A and The noun and verb agreement

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FloMar

Senior Member
English - England
Is it correct to use a+noun+ plural verb e.g. a group of men are here and the + noun + singular verb e.g. the group of men is here? I don't hear the BBC making this distinction
 
  • PaulQ

    Senior Member
    UK
    English - England
    Is it correct to use a+noun+ plural verb e.g. a group of men are here and the + noun + singular verb e.g. the group of men is here?
    No, it is not true.
    AE has a tendency to threat collective nouns as singular: "The staff is unhelpful."
    BE has a tendency to threat collective nouns as plural: "The staff are unhelpful."

    It is a question of whether you see, e.g. "group" as one unit (singular verb) or as individual units acting together (plural verb).

    However, in both languages, there are exceptions.
     

    Uncle Jack

    Senior Member
    British English
    Just running some examples through in my head, I might possibly change a collective noun I usually use in the singular to the plural with 'a', but not the other way round. For me, 'group' is usually plural while 'team' is usually singular, and I might say any of the following:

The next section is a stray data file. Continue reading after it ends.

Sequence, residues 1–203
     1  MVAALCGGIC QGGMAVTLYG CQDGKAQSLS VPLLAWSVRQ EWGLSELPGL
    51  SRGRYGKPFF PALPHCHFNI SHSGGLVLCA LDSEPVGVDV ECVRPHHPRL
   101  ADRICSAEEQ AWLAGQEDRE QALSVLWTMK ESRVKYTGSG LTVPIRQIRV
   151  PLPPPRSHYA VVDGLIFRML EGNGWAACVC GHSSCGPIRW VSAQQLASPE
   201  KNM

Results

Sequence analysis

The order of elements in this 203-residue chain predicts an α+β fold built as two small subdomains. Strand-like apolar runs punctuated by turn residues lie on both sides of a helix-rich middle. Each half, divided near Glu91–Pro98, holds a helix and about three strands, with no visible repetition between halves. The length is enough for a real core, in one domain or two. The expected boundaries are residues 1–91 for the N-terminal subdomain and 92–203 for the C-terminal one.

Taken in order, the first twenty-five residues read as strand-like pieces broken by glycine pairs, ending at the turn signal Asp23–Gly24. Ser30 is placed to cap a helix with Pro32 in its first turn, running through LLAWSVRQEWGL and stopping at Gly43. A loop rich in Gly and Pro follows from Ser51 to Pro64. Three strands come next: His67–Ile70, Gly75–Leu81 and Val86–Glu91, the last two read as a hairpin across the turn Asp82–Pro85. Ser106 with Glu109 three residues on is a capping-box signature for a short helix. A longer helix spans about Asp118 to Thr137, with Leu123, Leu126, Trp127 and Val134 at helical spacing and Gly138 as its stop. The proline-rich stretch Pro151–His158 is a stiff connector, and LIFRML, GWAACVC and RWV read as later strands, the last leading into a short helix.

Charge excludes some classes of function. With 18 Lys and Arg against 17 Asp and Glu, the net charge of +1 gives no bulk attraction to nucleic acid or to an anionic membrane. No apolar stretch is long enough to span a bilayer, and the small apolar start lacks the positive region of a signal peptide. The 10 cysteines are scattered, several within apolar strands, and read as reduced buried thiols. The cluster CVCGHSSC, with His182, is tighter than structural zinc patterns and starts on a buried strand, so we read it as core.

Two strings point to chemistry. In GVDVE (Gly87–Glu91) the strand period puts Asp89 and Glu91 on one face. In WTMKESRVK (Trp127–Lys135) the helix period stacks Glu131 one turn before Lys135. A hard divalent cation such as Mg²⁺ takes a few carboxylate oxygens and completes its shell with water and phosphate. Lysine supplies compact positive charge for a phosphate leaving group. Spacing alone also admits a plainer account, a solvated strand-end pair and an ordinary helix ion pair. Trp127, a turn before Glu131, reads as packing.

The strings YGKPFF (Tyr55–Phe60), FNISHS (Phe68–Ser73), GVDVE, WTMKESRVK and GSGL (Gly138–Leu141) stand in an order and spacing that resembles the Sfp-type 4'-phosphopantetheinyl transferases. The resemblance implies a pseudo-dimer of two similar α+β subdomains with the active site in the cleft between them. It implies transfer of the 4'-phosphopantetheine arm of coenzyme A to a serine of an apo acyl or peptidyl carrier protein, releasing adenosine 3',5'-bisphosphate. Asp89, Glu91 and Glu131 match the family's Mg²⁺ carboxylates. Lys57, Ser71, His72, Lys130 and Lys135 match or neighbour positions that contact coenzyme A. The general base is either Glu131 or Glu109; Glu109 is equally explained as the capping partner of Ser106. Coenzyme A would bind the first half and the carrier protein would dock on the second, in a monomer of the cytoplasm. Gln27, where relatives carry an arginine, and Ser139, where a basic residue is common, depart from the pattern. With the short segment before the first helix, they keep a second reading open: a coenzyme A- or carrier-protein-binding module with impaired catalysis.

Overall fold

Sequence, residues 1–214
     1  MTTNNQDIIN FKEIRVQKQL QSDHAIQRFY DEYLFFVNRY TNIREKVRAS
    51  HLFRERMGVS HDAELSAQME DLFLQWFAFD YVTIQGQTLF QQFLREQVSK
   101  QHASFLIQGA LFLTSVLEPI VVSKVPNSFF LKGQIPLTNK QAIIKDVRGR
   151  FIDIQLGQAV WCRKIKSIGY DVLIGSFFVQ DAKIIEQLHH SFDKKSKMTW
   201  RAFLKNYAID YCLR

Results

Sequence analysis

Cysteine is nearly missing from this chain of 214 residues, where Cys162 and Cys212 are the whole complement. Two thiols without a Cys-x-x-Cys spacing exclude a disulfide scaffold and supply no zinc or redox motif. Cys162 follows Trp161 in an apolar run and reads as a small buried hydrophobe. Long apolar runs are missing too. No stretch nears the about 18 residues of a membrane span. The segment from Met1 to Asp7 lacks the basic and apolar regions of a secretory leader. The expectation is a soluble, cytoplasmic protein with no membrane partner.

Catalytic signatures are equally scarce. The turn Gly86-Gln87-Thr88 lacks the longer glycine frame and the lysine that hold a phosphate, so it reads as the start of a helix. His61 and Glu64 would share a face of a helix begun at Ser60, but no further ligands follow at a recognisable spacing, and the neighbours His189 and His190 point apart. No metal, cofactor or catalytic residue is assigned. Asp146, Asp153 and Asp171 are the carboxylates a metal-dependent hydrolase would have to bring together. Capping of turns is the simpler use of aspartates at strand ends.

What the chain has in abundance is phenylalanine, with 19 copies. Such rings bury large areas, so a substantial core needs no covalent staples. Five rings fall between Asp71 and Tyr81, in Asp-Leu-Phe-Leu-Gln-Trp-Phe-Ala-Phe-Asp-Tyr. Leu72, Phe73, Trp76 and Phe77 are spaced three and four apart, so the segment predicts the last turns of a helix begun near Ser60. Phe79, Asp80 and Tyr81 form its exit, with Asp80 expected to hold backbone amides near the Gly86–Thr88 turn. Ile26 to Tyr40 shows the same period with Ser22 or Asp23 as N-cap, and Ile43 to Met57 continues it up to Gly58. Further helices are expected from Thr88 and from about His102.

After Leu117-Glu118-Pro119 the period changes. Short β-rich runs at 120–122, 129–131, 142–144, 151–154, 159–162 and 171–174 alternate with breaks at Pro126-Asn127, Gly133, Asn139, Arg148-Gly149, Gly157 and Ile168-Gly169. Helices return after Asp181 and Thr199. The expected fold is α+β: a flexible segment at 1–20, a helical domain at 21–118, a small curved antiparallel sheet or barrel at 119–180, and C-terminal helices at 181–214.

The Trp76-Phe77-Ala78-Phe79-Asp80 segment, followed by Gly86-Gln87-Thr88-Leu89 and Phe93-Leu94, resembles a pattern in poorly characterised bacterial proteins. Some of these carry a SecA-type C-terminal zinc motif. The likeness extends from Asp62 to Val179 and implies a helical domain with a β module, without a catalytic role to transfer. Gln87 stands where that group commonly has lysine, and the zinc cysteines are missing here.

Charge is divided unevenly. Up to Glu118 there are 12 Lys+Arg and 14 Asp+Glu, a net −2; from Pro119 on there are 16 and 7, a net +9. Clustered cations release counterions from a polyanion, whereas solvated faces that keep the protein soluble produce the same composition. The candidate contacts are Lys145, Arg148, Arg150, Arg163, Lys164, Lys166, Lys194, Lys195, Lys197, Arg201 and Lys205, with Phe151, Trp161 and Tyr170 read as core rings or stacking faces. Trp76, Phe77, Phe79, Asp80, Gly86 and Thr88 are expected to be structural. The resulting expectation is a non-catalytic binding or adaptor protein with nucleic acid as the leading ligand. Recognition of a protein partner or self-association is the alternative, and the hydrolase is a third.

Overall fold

The team of horses is pulling the carriage
    A team of horses is pulling the carriage
    A team of horses are pulling the carriage
    A group of horses are standing in the field
    The group of horses are standing in the field​

    I cannot imagine myself saying 'The team of horses are pulling the carriage' in any circumstances, but I might use a singular 'group of horses is standing in the field' with either 'a' or 'the', should the situation seem to warrant it.

    Make of that what you will.
     
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